• Clay-colored or light stools
  • Joint pain
  • Jaundice

Proper hand washing and vaccination can help in preventing in hepatitis A.

Hepatitis B (HBV)

Hepatitis B is a potentially dangerous liver infection caused by the hepatitis B virus. It is one of the major global health problems. It can cause chronic infections that can progress to life-threatening conditions like liver cirrhosis and liver cancer.

The HBV is primarily transmitted through blood or blood-derived products. HBV is the one of the most common of the three viruses known to cause chronic hepatitis, HCV and HDV being the other two. HBV virus consists of a double shell. The outer shell is the viral envelope consisting of HBsAg while the inner shell consists of hepatitis B core antigen (HBcAg) which encloses the viral genome. HBV is abundant in the blood during infections and also in some chronic infection with titres of up to 1010/ml.

In 2016, almost 3,218 new cases of HBV infection were reported by the CDC and there occurred death of more than 1,698 people in the United States due to the consequences of chronic hepatitis B. Earlier HBV hepatitis was referred to as "serum hepatitis," because it is thought that the only way HBV could spread is through blood or serum containing the virus. Now, it is known that HBV can spread by sexual contact, the transfer of blood or serum through shared needles in drug abusers, accidental needle sticks with needles contaminated with infected blood, hemodialysis, blood transfusions, and by infected mothers to their newborns. The infection can also spread by tattooing, body piercing, and sharing razors and toothbrushes contaminated with infected blood.

Almost 5% to 10% of patients with HBV hepatitis can develop chronic HBV infection and can infect others as long as they remain infected. Patients with chronic HBV infection are at a great risk of developing cirrhosis, liver failure, and liver cancer. It is estimated that approximately 2.2 million people in the United States and 2 billion people world-wide suffer from chronic HBV infections.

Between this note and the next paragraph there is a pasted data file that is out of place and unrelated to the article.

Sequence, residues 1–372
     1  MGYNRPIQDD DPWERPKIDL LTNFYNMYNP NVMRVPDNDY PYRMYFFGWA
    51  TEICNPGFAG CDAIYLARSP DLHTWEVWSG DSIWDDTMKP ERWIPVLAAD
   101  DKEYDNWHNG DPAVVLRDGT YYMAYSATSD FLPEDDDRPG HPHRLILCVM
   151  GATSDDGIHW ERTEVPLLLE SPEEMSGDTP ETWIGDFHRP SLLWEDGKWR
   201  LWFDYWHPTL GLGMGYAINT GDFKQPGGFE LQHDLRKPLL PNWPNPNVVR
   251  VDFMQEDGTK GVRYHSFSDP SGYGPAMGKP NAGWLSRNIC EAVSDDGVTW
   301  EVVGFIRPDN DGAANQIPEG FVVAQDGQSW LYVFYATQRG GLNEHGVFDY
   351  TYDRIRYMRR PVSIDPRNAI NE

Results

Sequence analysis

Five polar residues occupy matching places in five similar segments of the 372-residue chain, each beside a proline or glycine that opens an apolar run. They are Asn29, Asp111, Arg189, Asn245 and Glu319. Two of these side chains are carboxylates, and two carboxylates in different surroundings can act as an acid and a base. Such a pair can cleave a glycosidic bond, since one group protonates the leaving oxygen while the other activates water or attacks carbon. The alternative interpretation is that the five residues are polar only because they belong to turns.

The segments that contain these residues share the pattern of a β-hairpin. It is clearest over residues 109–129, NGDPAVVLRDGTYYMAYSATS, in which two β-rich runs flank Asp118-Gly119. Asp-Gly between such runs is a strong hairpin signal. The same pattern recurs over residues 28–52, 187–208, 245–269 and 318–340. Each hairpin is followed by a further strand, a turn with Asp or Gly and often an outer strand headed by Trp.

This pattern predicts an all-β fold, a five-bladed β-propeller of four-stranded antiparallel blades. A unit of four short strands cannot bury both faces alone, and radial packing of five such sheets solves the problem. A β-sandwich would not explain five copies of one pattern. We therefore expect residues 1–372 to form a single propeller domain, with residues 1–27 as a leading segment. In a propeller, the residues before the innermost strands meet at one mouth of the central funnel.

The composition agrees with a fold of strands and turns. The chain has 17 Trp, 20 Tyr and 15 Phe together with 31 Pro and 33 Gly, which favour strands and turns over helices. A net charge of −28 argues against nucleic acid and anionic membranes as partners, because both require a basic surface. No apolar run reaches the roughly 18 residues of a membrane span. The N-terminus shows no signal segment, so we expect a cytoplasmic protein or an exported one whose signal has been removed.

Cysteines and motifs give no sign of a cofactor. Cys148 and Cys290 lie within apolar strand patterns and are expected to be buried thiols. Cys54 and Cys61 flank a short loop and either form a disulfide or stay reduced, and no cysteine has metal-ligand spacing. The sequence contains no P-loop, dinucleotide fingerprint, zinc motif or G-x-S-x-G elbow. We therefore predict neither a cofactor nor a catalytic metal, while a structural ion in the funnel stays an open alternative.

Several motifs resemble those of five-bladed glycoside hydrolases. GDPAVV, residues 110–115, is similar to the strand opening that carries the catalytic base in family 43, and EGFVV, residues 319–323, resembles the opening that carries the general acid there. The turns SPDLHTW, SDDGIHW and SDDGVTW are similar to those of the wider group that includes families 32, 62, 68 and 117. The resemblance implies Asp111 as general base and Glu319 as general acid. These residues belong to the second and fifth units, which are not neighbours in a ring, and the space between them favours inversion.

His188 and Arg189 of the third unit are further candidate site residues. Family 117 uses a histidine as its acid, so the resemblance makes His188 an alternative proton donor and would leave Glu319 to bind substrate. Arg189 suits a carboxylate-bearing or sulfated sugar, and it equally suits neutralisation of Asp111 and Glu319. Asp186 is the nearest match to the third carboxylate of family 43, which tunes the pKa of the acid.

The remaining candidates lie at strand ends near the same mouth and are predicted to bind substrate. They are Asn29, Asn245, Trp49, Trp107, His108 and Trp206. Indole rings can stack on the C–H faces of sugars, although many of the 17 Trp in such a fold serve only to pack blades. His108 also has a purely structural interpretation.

The HBV can survive outside the body for at least seven days and can still cause infection. Commonly, HBV spreads through blood, urine, semen, and from infected mother to her infant soon or right after birth. Some of the symptoms of acute hepatitis B can include:

  • Fever
  • Fatigue
  • Loss of appetite
  • Abdominal pain
  • Jaundice
  • Joint pain
  • Nausea
  • Vomiting
  • Dark urine
  • Clay-colored stools

Hepatitis C (HCV)

Hepatitis C is a liver disease caused by the hepatitis C virus, which can cause both acute and chronic hepatitis infections, ranging from mild to severe infections. The mild illnesses can last a few weeks while the severe ones can be lifelong. The hepatitis C virus is a blood borne virus and most commonly spreads through unsafe injection practices, inadequate sterilization of medical equipment in some health-care centers and unscreened blood and blood products.

Typically HCV infections are chronic. HCV belongs to hepacivirus genus of flaviviridae which also includes yellow fever, dengue, West Nile and Japanese encephalitis viruses. All these viruses possess similarities in their genomic structures and replication strategies. Both HBV and HCV increase a person’s risk for liver cancer.

In 2016, a total of 2,967 cases of hepatitis C were reported by the CDC. The CDC also reported that the actual number of acute cases of HCV are estimated to be 13.9 times the number of reported cases in any year. Therefore, it is estimated that there were actually 41,200 acute hepatitis C cases in 2016.